Re: First draft of Stepping Stones

From: Edmund R. Kennedy <ekennedyx_at_yahoo_dot_com>
Date: Mon Dec 13 2004 - 10:38:51 CST

Hello Ken:
 
Fine by me. I have been realizing that this is a guide to software development. However, we do need an over all clear view of the system we want to plug components in. For the ballot design, I've been wondering if the registration bars on the scanner are proprietary. Does anyone know if there is some sort of copyright or patent?
 
Thanks, Ed Kennedy

Ken Pugh <kpughmisc@pughkilleen.com> wrote:

I'd like to put your stepping stone in a slightly different organization:

*** Registration
This is the authorization and authentication system for voters. This is
now being handled by the states (at least from what I read of HAVA).

*** Ballot preparation and counting

* Ballot creation

The ballot creation software creates the "Ballot Definition File", which is
used by ballot printing, ballot scanning, and ballot tabulation software.
This software is probably much more complicated than the actual tabulation
software. I have read that ballots in many areas are actually created by
the vendor, due to the complexity of the software and/or the infrequency of
use. Development of this software would require close involvement of
election officials to insure that it was usable.

* Ballot printing

This is your Markomatic software along with perhaps the "Butterfly Ballot
Killer".

* Precinct level tabulation

This is the scanner with software to create the voting machine and precinct
totals. (If there is only one scanner, then these are the same). The
totals should be available on paper (for verification with the voter
check-in) and should be transmittable to the election district tabulation
by some secure means.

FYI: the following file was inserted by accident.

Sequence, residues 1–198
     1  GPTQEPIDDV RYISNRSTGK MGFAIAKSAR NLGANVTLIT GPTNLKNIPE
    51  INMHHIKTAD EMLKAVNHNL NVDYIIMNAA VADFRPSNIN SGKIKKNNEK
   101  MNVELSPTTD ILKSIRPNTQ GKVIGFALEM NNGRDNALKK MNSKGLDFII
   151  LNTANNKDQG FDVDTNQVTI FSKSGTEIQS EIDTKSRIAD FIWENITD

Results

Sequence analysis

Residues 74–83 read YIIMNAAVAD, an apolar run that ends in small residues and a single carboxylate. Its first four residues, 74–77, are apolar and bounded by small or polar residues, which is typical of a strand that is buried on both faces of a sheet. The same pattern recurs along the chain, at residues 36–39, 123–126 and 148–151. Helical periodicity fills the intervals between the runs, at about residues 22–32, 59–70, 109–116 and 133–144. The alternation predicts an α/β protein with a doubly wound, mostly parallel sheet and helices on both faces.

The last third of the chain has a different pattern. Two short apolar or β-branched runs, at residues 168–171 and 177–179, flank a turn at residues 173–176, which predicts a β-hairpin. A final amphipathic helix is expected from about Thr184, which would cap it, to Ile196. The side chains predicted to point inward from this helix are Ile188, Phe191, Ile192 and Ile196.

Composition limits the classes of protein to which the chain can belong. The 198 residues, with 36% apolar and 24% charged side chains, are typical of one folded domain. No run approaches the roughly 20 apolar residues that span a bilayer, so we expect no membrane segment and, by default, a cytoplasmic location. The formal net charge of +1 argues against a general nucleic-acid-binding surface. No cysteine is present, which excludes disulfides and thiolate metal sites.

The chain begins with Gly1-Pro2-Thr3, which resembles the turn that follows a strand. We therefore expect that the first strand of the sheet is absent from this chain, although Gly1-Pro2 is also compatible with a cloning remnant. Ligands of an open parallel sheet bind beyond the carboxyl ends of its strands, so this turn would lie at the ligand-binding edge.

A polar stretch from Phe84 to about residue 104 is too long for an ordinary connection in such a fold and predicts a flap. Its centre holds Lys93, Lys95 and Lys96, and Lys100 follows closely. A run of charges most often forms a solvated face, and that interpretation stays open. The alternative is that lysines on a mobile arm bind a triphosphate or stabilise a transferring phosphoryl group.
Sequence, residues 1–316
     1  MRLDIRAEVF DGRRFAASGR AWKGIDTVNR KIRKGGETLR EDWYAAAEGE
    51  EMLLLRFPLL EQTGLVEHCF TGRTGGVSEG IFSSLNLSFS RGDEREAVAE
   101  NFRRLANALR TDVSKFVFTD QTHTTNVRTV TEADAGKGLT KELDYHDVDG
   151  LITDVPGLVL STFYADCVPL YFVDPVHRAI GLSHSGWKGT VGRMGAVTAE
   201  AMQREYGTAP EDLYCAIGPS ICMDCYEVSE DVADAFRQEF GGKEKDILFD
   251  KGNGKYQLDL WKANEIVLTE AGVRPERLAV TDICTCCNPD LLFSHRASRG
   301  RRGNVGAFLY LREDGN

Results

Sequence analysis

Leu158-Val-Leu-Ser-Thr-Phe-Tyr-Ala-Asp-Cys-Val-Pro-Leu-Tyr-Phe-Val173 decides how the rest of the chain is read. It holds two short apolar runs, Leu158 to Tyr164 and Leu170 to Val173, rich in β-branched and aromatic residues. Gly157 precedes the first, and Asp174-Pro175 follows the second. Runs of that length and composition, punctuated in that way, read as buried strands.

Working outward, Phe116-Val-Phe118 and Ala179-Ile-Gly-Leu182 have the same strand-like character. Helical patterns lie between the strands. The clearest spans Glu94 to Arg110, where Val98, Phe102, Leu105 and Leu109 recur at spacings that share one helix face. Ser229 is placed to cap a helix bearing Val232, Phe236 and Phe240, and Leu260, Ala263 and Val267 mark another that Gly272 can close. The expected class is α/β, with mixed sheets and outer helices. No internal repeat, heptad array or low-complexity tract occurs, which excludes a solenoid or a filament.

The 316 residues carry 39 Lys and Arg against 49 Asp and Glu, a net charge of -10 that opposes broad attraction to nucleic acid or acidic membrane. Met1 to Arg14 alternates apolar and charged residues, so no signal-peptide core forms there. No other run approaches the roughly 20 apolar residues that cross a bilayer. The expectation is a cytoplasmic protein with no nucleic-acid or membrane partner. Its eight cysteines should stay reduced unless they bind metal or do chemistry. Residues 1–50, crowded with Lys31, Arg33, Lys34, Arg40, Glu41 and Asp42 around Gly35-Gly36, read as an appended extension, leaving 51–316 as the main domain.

*County tabulation

This is the software that takes the precinct level totals and creates the
totals for county. It should also create web pages that display votes at
a precinct level.
* State tabulation

This is software that creates the totals for a state.

I believe that if one is going to have a usable package, it must include a
system that performs the first four operations. From my viewpoint, on a
functional complexity scale (not considering security issues), the county
tabulation is simple. The precinct level tabulation is a bit more
complicated. It involves some scan manipulations, image examination, and
comparison to ballot templates.

The Markomatic is more complex, in the sense that there is a user interface
that has to be designed in conjunction with a number of voters.

The ballot creation software, I believe, is still more complex. It needs
to have a very easy to use interface for election officials. It may need
to be able to read in a variety of file formats that delineate what
precincts exist. It has to allow for different ballots for each
precinct. However without the ballot creation software, none of the
remaining systems are usable, unless a ballot definition file can be
obtained from one of the commercial vendors.

Ken

At 12:34 AM 12/9/2004, you wrote:

> * The Registron: This is a computer aided voter registration and
> verification system. There would be a main system at each county
> registrar's office in communication with the Secretary of State's office
> and self contained clients that would be taken to each polling place on
> election day. > Markamatic especially during primaries.>
> * The Butterfly ballot killer: A user friendly computer aided design
> system that would automatically design a machine readable paper ballot
> that would be transmitted to a main software generator. This software
> would integrate and seal the OVC system and the ballot design together
> and publish both on one CD.
> * The Markamatic: This is a touch screen voting system and ballot
> printer with multilingual capabilities, ADA compliance sub-modules that